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Spring Break Reads

Recommendations from Buzz residents

Cindy Burnett
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Michele Carlin

Avid reader Michele Carlin recommends great books for spring break. (Photo: hartphoto.com)

Whether you are headed out of town or enjoying a staycation, Spring Break is an ideal time to read a good book. I view reading on a Spring Break much like I view summer reading – everything is fair game and there is no genre that works best because every reader is unique. Instead, the quality of the writing, the plot, and the overall enjoyment of the story are the important factors to consider. I queried Buzz residents who read regularly about their recommendations for entertaining Spring Break reads and enjoyed the wide range of suggestions that these avid readers made.

Michele Carlin: “If you’re heading to the mountains or just wish you were, then Go As a River by Shelley Read would be a great book to read over Spring Break. While not a light read, it is such a great story! It follows the life of Victoria Nash, growing up in rural Colorado beginning in the late 1940s and spans the next 20 years or so of her life. While there is heartbreak, painful decisions, family tragedies, it is also a love story, with redemption and hope woven throughout. I especially love how the author places such a strong emphasis on Victoria’s connection with her family’s peach orchard, and the river that serves as the backdrop to her life. It is a thought-provoking book that will tug at your heartstrings and keep you pulling for Victoria to find the happiness and closure that she deserves.” 

Michele Carlin

FASCINATING HISTORICAL FICTION “If you’re heading to the mountains or just wish you were, then Go As a River by Shelley Read would be a great book to read over Spring Break," says West U resident Michele Carlin. This is a good pick if you love historical fiction. (Photo: hartphoto.com)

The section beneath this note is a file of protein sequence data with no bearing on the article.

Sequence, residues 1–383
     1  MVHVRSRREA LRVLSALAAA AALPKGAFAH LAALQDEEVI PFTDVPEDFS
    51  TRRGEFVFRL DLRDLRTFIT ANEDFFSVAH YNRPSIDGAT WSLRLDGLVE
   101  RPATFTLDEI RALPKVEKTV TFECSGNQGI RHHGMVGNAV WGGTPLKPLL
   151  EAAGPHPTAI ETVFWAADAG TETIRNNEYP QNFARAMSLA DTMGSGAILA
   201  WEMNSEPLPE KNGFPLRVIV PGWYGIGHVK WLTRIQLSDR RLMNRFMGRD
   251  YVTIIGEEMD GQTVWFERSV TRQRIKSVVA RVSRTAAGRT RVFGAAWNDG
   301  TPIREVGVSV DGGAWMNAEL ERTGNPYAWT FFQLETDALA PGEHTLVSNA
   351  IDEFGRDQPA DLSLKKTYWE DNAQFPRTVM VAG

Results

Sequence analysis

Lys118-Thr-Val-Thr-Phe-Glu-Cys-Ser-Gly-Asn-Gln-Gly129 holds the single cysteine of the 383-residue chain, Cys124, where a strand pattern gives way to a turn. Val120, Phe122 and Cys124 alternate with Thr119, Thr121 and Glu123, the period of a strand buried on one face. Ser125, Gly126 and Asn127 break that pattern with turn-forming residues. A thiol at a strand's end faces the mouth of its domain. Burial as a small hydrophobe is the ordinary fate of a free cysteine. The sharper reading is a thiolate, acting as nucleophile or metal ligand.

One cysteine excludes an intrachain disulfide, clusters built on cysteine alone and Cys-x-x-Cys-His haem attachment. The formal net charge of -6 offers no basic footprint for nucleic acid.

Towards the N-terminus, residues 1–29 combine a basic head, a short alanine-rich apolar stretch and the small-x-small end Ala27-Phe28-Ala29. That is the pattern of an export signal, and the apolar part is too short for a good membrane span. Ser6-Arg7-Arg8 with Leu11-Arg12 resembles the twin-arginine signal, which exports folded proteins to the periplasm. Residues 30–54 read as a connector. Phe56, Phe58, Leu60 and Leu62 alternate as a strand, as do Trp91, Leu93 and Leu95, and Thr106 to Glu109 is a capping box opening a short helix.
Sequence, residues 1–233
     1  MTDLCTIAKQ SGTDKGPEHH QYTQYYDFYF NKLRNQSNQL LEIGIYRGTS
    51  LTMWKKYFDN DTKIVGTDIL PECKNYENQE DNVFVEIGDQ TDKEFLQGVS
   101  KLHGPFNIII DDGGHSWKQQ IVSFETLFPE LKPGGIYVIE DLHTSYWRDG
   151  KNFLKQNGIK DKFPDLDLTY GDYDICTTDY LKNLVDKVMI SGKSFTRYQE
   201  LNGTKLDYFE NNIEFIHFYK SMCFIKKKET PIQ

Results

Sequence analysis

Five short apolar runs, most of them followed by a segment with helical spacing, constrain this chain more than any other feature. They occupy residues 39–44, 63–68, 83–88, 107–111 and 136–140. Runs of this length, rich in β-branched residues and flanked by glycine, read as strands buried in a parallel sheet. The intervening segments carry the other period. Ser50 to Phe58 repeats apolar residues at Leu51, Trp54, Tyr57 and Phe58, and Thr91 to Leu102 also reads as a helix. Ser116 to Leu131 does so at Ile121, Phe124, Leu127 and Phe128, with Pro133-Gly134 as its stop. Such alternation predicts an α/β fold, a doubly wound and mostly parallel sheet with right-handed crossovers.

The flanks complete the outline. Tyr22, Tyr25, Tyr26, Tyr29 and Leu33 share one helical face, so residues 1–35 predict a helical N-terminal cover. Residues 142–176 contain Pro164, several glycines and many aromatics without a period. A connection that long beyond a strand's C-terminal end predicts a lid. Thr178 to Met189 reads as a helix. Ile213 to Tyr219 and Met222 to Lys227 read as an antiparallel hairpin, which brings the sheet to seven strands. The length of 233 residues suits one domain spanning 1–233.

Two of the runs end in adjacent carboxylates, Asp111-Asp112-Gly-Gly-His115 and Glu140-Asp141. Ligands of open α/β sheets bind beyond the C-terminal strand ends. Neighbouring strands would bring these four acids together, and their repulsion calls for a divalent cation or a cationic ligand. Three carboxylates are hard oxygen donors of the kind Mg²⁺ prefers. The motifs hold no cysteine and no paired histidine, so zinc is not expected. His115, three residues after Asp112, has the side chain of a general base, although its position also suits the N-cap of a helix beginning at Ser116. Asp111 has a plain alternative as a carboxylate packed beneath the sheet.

Kelly Hogan: “If you haven't read The Midnight Library by Matt Haig, now is the perfect time to do it. An incredibly thought-provoking read set up in small chapters so you can read for 10 minutes or two hours. Each chapter brings about a different possibility of what can happen with a simple decision made. I find it to be one of the most inspirational books that I have ever read.

“Also, Trust by Hernan Diaz is a novel that features tales of extreme wealth and capitalism, told in long vignettes from different points of view and timelines. The stories somehow intertwine and lead to one another without you even realizing it. By the end you will want to start all over again – that is, after you Google the book to death wondering if it was a true story. As an avid reader and audio book listener, I recommend getting the book for this one.” 

Dale Andrews: “My favorite book series that I have read in the past few months is Fourth Wing and its sequel Iron Flame by Rebecca Yarros. The world building was fantastic, the enemies-to-lovers romance was steamy and believable, and it is the first time in a long while that I actually bought into the female main character’s story arc/development rather than trudging through tired tropes… Did I mention dragons?! So good! The author truly did a fabulous job, and I could not put either book down!”

Melanie Margolis: “I enjoyed Rebecca Makkai’s I Have Some Questions for You, a mystery set in a boarding school. The protagonist is a podcaster who returns to her former school two decades after graduating to teach a class. She and her students attempt to solve a murder that took place there when she was a student. The narration is unusual because the protagonist speaks directly to an absent character, her former teacher and mentor. The book addresses misogyny, sexual assault, racism, and the flaws of the justice system while the main character examines her own life in a new light. Makkai is a skilled storyteller and wordsmith. I also recommend her book The Hundred-Year House.”